Girl on girl

Family — with benefits

I’m one of those people lucky enough to have a marriage with benefits. No, I’m not talking about THOSE benefits. I’m talking about the benefit of gaining new family members. The thing is, suddenly having new family members is a lot like the benefits you get when you open a new account or stay at a hotel: The benefits are there; it’s up to you if you choose to take advantage of them.

It can be easy to feel the strain of loyalty when you get married. “Why should I commit any time and energy to these new people? I already don’t have enough bandwidth to attend to my own family,” you might say to yourself.

But it isn’t really a matter of whether or not you “should.” It’s a matter of whether or not doing so is good for you and your relationship with your wife (or husband).

I don’t think it’s ever beneficial to “should” all over people. It’s not helpful. No one can really know what anyone “should” or “shouldn’t” do in any given situation without really knowing the situation.

The question you want to ask is, “Will opening yourself up to having relationships with your new family be good for you and your marriage?” If not, let it go.

Seriously, let it go.

Keep in mind that it doesn’t have to be an all or nothing thing. Just like you have family members you love and family members you could do without. Just like you have family members with whom you feel a kinship and with whom you do not. Just like you have family members who are healthy and who are toxic. So too will it be with your new family by marriage.

Here’s my rule to live by: What you do owe everyone is kindness and respect. What you do not owe everyone is you — your time, your presence, your help, your guidance, etc.

Granting those things is based on the relationships that you choose mutually to build. And that, honestly, is based on whether you have a connection. In other words, you don’t have to invite them all to your house for a week. You do have to send them all a holiday card.

I say I’m lucky because I love my new family so much that I visit them even without my wife when I’m traveling for work or my volunteer gig. I text with my second cousin Emily about 10 times more than I text with my own sister.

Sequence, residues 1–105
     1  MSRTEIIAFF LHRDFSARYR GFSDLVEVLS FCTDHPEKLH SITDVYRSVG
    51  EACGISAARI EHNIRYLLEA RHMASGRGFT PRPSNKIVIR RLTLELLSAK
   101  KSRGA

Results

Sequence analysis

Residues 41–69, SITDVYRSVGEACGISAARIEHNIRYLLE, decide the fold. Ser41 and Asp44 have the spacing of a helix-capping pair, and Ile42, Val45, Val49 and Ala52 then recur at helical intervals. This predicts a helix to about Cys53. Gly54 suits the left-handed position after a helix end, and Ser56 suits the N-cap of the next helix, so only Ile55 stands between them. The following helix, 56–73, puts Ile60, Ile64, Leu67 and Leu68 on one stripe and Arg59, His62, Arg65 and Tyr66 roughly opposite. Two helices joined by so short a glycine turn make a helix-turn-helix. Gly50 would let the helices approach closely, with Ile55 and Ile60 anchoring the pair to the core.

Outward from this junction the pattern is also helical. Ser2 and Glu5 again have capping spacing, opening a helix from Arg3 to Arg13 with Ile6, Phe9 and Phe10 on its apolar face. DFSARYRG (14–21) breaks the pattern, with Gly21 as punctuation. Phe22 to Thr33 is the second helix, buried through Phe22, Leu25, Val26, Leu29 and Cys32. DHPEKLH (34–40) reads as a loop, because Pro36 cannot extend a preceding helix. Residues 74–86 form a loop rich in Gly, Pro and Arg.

I am glad that it makes my wife happy that I have that relationship. But I have that relationship not for her, but because I want that relationship. The former is just gravy. Emily came with her mom, Sean, for a visit last spring, and it was a blast. This year, Emily and her kids came for Spring Break, which was WAY more work because of the kids of course. But also a blast.
Here’s the secret I’ve learned: It’s fun to take advantage of the benefit of having new family when it comes out of desire and not out of obligation. Sure, if my wife had an Uncle Hank who I didn’t much care for but needed a place to stay for one night on his way to

Oklahoma, I would happily make up the guest room and cook up my best pasta dish.

But I would not invite him for the week. I wouldn’t. I’d be a grump, and I’d feel resentful, and I don’t have my own Uncle Hank over for a week. And if my wife adores him? Well, I can visit my own family, and she can host hers. Problem solved.

There are lots of solutions. But you feeling like you have to bend over backwards for people just because they are “relatives” will only lead to bad feelings. Trust me.

Like I said, I feel lucky. I have a really good relationship with so much of my wife’s family.

I genuinely love them. I invite them and take care of them because I want to. And that makes all the difference when you have two kids bickering over the remote in your living room and five people who all eat different things and you are desperate for a hour of quiet with your new second cousin but would have to get up at the crack of dawn to get a word in edgewise.

To have family you love and who loves you is a really, really lucky thing. Enjoy it. Treasure it.

But don’t let having family members who are not your cup of tea ruin it for you.

Just like with everything else in life, limit your time with people who don’t fill you up.

Don’t let vampires suck you dry — even if they are now “family.” We live in a time of self-care and self-respect — thank goodness. So remember, because you love your spouse, you owe her family kindness and respect but never to your own detriment.

And that includes knowing when to open your heart — and your front door — and when to guard it.